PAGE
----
So its Monday, National Chest Day! You and your workout partner have just finished the chest workout routine..the same routine that you have done for the past 6 months. Every Monday its chest day, and quite frankly you are getting tired of it.
This particular Monday you notice an older lady in the gym doing a routine that you have never seen done before. Quick, explosive movements, deep squatting with a barbell being thrusted overhead, high intensity lifting! You are amazed at the skill and precision of her weightlifting movements, and you ask her what it is that she is doing. Her response: “Olympic lifting Bro!”
What Is Olympic Weightlifting?
By definition, Olympic style Weightlifting is an athletic discipline in the modern Olympic programme in which participants attempt a maximum-weight single lift of a barbell loaded with weight plates. It requires a combination of strength and explosive lifting technique to perform the many different variations of lifts.
The two main lifts are the Clean and Jerk and the Snatch.
The clean and jerk is comprised of two dynamic movements. The clean portion consists of the lifter moving a weighted barbell from the floor to a racked position across the deltoids and clavicles. The jerk portion involves lifting the weight above the head until the arms are straight and the bar is stationary.
The objective of the snatch is to lift a barbell from the platform to locked arms overhead in a smooth continuous movement. The barbell is pulled as high as the lifter can manage (typically to mid chest height) (the pull) at which point the barbell is flipped overhead.
Properly executed, the snatch and the clean and jerk are both dynamic and explosive and provide a solid foundation for the different variations of the olympic lifting exercises.
Benefits of Olympic Weightlifting and natural Testosterone Optimization
This style of training greatly benefits not only elite athletes and agile individuals but can also have a positive impact on people of all levels of fitness.
According to M.H. Stone, Medicine, Science and Sports Exercise (1990), in an 8 week Olympic weightlifting program study, participants lowered their resting heart rate by 8%, lean body weight increased by 4%, fat dropped 6%, and systolic blood pressure decreased by 4%.
Testosterone is optimized significantly by performing Olympic lifting routines. This style training recruits maximal motor units and employs full body explosive movements at high intensity intervals that raise natural T levels in the body in a way that regular weight training routines cannot replicate. This not only improves hypertrophy and muscle building but also enhances everyday quality of life. No need for synthetic hormone spiking pills or steroids for that matter. Hopefully in the near future, this ideology can become more well known in professional sports and become a catalyst for a different method of testosterone optimization OTHER then steroids! We’ll see!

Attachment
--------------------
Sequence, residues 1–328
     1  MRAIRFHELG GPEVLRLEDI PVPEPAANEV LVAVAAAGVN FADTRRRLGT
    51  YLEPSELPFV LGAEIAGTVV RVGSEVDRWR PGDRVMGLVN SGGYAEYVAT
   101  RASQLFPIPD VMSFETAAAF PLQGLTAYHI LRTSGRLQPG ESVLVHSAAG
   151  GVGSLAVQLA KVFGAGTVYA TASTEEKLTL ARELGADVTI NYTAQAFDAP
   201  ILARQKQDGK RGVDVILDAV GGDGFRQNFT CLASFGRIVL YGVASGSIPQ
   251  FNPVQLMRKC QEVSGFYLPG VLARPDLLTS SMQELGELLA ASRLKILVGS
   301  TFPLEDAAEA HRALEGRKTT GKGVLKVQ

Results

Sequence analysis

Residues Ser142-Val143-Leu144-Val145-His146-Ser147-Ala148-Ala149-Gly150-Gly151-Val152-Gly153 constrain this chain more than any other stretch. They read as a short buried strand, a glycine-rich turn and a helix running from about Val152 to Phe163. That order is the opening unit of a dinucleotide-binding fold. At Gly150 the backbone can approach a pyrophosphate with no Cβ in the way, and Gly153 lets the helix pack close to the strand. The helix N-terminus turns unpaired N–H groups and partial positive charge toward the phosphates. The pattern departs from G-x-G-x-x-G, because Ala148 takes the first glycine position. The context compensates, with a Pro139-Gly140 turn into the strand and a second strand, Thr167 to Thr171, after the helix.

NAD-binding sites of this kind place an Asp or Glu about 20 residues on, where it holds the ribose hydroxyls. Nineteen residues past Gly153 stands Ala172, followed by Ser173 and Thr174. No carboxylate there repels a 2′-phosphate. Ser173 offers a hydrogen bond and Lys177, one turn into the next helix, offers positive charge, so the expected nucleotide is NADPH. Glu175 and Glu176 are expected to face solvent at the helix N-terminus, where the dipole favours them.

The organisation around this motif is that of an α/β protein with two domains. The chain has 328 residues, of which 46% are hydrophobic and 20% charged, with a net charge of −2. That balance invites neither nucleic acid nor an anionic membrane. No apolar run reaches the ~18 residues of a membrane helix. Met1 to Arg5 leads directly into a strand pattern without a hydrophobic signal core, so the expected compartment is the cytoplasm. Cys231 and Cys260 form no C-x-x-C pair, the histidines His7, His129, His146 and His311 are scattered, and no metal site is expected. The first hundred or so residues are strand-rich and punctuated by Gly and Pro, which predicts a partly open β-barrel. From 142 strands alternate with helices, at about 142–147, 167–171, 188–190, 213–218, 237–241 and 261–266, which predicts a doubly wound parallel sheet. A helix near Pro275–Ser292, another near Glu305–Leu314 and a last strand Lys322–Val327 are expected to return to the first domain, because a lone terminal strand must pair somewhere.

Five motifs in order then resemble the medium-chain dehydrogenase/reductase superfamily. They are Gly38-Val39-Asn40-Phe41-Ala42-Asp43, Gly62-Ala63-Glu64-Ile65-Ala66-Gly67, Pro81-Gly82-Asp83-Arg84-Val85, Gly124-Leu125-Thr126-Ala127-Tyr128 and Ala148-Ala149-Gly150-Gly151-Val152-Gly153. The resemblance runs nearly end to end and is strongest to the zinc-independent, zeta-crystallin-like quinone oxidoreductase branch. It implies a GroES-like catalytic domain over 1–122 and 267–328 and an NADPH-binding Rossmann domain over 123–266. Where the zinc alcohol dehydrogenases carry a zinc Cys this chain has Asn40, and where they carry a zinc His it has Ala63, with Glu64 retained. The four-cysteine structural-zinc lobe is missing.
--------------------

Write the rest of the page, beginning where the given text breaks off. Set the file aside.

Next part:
Improving Bone Health and Preventing Osteoporosis
Osteoporosis is a disease characterized by low bone mass and deterioration of bone tissue leading to enhanced bone fragility and an increase in fracture risk. 55% of people 50 years and older are at risk to contract osteoporosis. This disease also greatly affects women during the stages of menopause.
In order to avoid low bone mass in old age, we should train to maximally elevate our peak bone mass. To put it simply the greater the bone mineral density (BMD) the less chance of osteoporosis occurring. Bone mineral density measures the mineral density, such as calcium, in the bones. Calcium is also constantly being added and removed from bones and when it is removed faster than it is added then the bones become weaker and are more susceptible to fractures. Olympic weightlifting has the ability to develop strong healthy bones that are resistant to fractures. I greatly recommend this training to everyone especially women and people over the age of 50. Save your bones people!
Sound interesting? Want to know more? Then contact me for more info or training! I am an NASM (National Academy of Sports Medicine) certified personal trainer and hold additional certifications in the NASM accredited Osteoblast course which is an in depth certification on Olympic Weightlifting routines and bone disease prevention methods.